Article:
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Google Blog Reader Recommender November 30, 2007

Posted by Andre Vellino in Collaborative filtering, Recommender service.

Don’t you love it when Google just slips in these new features like easter eggs? The new Blog Reader recommender appears to be using a hybrid collaborative-filtering + content (from query expansion), which seems to work pretty well. I like the fact that the relevance ranking doesn’t seemed to be biased by the number of subscriptions to the blog.


1. lemire - November 30, 2007

I noticed this new tool too. Fantastic.

I am not sure how well it works. As always, with recommender systems, the accuracy feels so-so. Very subjective matter.

BTW your feed offers only partial content now. Do you mean it that way?

2. Google Reader Recommender « The Mendicant Bug - November 30, 2007

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3. Andre Vellino - November 30, 2007

I thought that the Google Reader recommender was pretty good (for me), but that was judging from a small sample. I suspect it depends a lot on the particular usage you make of Google search and the Reader.

I think that for such a feature to be valuable the “window” of CF information that is used to do the recommendation has to be quite narrow. It will be interesting to see how it evolves.

4. lemire - December 1, 2007

Quality-wise, you subscribed to how many of the feeds that were suggested to you?

In my case, I might have subscribed to one or two feeds out of the dozens or so that were suggested to me. But what is bad is that Google seems to think that I work in Theoretical Computer Science and Mathematics. Well. No. I don’t.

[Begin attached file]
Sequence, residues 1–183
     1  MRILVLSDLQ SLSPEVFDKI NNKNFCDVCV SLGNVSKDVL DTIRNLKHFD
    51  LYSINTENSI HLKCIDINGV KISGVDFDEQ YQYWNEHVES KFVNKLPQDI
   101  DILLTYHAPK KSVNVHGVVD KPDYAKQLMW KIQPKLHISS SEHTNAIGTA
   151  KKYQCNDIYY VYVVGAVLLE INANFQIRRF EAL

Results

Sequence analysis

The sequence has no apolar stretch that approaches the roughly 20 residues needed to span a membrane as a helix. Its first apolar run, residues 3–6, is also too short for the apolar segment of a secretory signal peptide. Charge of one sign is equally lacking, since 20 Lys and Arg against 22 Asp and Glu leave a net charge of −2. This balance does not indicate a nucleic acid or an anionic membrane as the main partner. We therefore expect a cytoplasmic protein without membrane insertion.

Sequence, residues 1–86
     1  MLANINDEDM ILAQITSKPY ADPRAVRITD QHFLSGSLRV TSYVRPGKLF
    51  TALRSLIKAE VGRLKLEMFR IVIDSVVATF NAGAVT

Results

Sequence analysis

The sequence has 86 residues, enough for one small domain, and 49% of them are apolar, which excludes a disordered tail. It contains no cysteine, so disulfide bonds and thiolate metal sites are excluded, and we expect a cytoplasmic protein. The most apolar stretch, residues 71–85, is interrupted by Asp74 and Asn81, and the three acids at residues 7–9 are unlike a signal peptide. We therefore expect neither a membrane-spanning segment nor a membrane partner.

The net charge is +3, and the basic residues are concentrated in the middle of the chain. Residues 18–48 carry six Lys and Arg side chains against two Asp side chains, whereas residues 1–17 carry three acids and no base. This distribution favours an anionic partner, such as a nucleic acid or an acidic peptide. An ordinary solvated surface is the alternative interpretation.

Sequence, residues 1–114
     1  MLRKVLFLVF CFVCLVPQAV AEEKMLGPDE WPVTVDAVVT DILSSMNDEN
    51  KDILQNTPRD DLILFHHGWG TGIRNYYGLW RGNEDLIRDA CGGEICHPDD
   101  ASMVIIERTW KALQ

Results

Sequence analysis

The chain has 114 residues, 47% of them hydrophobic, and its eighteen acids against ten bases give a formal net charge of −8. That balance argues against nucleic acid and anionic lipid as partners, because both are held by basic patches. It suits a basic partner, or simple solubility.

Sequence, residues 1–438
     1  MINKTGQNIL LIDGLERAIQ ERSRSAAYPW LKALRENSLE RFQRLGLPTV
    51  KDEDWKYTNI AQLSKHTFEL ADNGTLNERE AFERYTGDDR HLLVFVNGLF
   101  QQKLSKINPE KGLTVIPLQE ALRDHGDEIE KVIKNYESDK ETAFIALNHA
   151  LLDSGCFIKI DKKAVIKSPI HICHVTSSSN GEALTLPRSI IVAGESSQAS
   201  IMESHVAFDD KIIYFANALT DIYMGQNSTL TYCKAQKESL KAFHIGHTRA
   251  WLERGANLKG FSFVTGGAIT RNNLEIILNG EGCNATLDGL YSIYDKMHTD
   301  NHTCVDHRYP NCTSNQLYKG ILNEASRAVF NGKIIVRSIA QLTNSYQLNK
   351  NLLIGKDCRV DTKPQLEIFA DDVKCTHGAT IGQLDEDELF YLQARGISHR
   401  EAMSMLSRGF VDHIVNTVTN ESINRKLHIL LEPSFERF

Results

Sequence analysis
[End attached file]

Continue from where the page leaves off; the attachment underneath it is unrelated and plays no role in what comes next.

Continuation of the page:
So, qualitatively, it misses the mark.

To be fair, Google Reader does not know that I have a blog. It does not know about my research papers. All it knows of, are the blogs I subscribed to.

What is happening, I think, is that there are many TCS and Math. blogs out there. I am not sure this is entirely accurate, but it seems that these folks are very active in the blogosphere. My research area is database, and I know very few database research with blogs.

So, I end up subscribing to a bit too many Math. and TCS blogs. This, in turns, get Google Reader to suggest more of those, and then if I accept the recommendations, it will then reinforce its belief and voilà! Things will get worse for me, not better.

I think that people commonly ignore feedback loops in recommender systems. A recommender process is essentially a non linear process, so getting it a bit wrong early on can have a big impact.

What should it do? It should give me *more control* over what I want recommended to me. This flat list forced upon me is just no good. I can’t even browse over the recommendations in any sensible way.
Then I can course-correct the recommender process!

5. Andre Vellino - December 2, 2007

You’re right – I didn’t endorse the recommendations sufficiently to subscribe to them. But I’m glad they’ve been made available to me. One difference between us is that I like these TCS guys and what they talk about.

I think that my reluctance to subscribe to Google’s recommendations is that I still don’t have a good way of (automatically) judging the quality of the content of what is recommended. I want some reputation measure and right now the best one is still word of mouth.

I *completely* agree with you about controlling the criteria that the recommender comes up with. What I want is an interactive map. There are some things I like about what http://www.quintura.com/ has done with it’s tag-cloud map-thing. We’re not quite there yet, but we’re getting there (I’ll know it when I see it, but I can’t specify it.)